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Grain Farmers of Ontario firmly opposes draft seed treatment regulations

GUELPH, ON (April 9, 2015) – Following a technical briefing from the Ontario Ministry of Environment and Climate Change and the Ontario Ministry of Agriculture, as well as a thorough review of the draft seed treatment regulations, Grain Farmers of Ontario has determined the regulations to be unworkable and the organization strongly opposes any action to move them forward.

“Our organization has spent a significant amount of time reviewing and evaluating the draft regulations and brought forward numerous questions to the Ontario government regarding various aspects of the plan,” says Mark Brock, Chair of Grain Farmers of Ontario. “The lack of clarity, inability to address very real on-farm challenges with respect to implementation of the regulations, and the timelines imposed on the industry as a whole create an unmanageable, widespread burden to agriculture.”

The regulations present countless areas of concern including, but not limited to, pest assessment methods, selection of pests identified as valid, industry capacity to manage requirements, and liability and insurance implications.

“The regulations, as drafted, create insurmountable barriers to access neonicotinoid seed treatment – essentially, the government has developed a ban on the product,” says Brock. “The primary concern for our organization is the livelihood of Ontario’s grain farmers, and these regulations will be highly detrimental to the sustainability of these farmers, with many members wondering if there is a future for the next generation of family farmers in this province.”

The implications beyond the farm level are extensive as well, with agricultural science and technology companies moving investments out of Ontario. As a regulation made outside of scientific evidence and based in the precautionary principle, it signals that Ontario operates unique to the rest of North America and is a high risk market with an unpredictable regulatory system.

“Grain Farmers of Ontario sees no opportunity to collaborate on these regulations because the number of fundamental, unworkable areas is far too extensive,” says Brock. “We care very much about the health of pollinators and have worked with stakeholders, including beekeepers, to find a collaborative and sustainable approach forward for agriculture and bees, which was the Ontario Pollinator Health Blueprint and which the government dismissed entirely. Remaining focussed on a positive future for agriculture in this province, Grain Farmers of Ontario firmly opposes the draft seed treatment regulations.” 

Grain Farmers of Ontario

Grain Farmers of Ontario is the province’s largest commodity organization, representing Ontario’s 28,000 corn, soybean and wheat farmers. The crops they grow cover 6 million acres of farm land across the province, generate over $2.5 billion in farm gate receipts, result in over $9 billion in economic output and are responsible for over 40,000 jobs in the province.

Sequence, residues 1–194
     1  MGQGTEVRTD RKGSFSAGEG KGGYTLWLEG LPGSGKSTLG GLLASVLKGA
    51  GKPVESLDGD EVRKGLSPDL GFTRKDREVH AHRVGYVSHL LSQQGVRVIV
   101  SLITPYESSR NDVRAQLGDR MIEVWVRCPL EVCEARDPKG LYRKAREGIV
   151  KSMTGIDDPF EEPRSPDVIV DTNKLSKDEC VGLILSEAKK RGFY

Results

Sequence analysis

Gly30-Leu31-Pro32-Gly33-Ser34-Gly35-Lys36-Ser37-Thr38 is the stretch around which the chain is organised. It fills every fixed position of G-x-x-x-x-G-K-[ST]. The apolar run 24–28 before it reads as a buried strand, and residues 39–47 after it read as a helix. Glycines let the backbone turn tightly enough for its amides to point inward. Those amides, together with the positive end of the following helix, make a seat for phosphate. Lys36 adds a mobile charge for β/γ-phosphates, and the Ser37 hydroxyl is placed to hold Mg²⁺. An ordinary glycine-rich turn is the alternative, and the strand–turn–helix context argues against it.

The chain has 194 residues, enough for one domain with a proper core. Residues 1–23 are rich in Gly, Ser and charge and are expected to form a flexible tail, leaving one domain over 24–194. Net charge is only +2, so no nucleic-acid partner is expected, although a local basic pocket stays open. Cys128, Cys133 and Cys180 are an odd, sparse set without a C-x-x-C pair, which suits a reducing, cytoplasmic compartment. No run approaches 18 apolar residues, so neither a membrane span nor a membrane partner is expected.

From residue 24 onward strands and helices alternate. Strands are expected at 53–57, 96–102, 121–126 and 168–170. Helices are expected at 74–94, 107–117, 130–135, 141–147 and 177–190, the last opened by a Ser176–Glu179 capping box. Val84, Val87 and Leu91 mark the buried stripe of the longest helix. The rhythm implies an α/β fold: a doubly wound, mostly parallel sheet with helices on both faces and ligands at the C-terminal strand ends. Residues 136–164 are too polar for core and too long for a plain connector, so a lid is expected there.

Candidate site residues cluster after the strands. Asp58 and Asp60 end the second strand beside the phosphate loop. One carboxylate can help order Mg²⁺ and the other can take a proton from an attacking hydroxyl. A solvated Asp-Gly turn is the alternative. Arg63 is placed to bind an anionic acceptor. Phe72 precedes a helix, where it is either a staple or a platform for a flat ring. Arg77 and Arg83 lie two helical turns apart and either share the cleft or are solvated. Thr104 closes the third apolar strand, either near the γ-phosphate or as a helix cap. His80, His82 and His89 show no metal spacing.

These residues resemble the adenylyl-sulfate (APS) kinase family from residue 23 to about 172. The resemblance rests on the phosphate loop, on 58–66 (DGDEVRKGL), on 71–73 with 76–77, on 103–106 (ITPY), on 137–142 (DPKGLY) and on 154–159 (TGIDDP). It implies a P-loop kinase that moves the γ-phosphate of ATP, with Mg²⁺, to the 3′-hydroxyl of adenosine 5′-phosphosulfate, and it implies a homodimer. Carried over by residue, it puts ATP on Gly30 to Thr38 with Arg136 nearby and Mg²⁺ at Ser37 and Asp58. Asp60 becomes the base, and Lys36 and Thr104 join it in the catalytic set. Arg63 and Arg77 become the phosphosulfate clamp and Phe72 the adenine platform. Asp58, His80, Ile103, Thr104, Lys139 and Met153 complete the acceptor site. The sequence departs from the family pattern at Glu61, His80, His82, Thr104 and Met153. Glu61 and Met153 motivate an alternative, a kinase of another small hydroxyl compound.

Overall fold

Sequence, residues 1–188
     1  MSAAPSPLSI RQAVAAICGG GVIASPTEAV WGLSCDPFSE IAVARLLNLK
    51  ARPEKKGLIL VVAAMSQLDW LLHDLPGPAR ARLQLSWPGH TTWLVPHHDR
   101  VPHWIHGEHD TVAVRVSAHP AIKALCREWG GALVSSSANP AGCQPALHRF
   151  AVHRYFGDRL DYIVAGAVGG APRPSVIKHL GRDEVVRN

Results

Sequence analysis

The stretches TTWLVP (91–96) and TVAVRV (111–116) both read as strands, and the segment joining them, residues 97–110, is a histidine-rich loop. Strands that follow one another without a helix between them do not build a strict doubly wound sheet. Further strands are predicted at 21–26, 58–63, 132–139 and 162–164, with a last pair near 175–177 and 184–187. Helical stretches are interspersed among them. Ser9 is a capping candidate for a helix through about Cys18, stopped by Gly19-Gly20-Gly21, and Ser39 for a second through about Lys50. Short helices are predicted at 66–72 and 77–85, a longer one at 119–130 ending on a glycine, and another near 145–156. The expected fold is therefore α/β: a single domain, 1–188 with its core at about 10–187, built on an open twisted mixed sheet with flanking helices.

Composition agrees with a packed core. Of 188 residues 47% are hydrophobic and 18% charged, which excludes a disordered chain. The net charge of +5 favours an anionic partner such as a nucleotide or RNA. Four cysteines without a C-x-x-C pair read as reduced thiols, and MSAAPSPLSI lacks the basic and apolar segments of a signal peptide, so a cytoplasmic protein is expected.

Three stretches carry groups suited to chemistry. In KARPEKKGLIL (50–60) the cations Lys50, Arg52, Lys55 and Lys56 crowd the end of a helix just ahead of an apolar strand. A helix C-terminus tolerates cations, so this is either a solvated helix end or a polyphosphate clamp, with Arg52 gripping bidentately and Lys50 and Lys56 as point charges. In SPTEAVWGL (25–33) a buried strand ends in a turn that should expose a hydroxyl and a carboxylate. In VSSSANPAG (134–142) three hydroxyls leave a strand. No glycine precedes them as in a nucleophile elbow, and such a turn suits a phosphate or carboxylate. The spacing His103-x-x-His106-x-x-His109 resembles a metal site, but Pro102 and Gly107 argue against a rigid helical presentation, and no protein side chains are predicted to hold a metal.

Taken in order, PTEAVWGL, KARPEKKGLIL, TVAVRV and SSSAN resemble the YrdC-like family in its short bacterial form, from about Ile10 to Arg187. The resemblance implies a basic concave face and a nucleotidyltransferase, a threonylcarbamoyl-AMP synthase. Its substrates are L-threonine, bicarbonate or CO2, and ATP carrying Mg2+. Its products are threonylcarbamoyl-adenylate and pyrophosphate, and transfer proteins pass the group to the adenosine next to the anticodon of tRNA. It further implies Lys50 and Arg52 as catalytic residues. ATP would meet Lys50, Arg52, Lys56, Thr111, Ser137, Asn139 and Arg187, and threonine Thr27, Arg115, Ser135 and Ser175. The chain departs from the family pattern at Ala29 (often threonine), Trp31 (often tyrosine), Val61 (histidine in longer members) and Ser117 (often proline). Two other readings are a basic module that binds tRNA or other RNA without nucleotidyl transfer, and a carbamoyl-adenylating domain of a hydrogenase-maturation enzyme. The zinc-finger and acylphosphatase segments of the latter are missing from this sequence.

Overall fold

Contact:

Mark Brock, Chair - 519-274-3297; cropper01@hotmail.com

Meghan Burke, Communications – 519 767-2773; mburke@gfo.ca

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Grain Market Commentary for July 19, 2017

Wednesday, July 19, 2017

Commodity Period Price Weekly Movement
Corn CBOT September 3.82  03 cents
Soybeans CBOT November 10.12  25 cents
Wheat CBOT September 5.03  32 cents
Wheat Minn. September 7.75  06 cents
Wheat Kansas September 5.00  44 cents
Chicago Oats September 2.93  11 cents
Canadian $ September 0.7950  1.00 points

Harvest 2017 prices as of the close, July 19 are as follows:
SWW @ $218.72/MT ($5.95/bu), HRW @ $218.72/MT ($5.95/bu),
HRS @ $289.01/MT ($7.87/bu), SRW @ $217.90/MT ($5.93/bu).

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Special Post June 30 USDA Market Trends Report

Tuesday, July 04, 2017

US and the World

It can be an explosive time in the grain markets. Across the greater US corn belt corn, soybeans and wheat are showing great variability as we head into July. Historically, the July 4th weekend has always served as a market flashpoint as crops start to develop quickly and summer weather makes its impact. The June 30th USDA planted acreage estimates and quarterly stocks report also impact the market at this critical time. In 2017, we are here again and once again the USDA did provide some surprises for market action.

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In their June 30th USDA report many market observers were musing that US soybean acres may overtake US corn acres planted. However, that was not the case as USDA predicted US corn planting at 90.89 million acres and US soybean planting coming in at 89.51 million acres. US corn acreage is down 3.11 million acres from last year. The US soybean acreage was approximately 440,000 acres below pre report estimates, but still 7% higher than last year. All wheat acreage came in at approximately 45.66 million acres, which was the lowest since the USDA began keeping records in 1919.

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